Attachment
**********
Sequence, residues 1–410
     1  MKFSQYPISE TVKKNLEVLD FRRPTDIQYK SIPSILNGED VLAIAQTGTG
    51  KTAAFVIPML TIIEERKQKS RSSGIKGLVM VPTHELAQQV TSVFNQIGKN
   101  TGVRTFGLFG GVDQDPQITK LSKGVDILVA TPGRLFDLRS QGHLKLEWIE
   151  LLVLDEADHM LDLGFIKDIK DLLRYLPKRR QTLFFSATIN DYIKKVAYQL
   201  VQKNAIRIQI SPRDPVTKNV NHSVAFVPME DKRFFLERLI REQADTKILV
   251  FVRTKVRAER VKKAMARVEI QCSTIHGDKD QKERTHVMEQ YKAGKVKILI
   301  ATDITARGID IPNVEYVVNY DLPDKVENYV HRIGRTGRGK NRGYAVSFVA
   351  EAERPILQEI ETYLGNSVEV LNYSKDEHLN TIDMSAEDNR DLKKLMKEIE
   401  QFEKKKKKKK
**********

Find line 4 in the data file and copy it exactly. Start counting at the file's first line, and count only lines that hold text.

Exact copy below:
   101  TGVRTFGLFG GVDQDPQITK LSKGVDILVA TPGRLFDLRS QGHLKLEWIE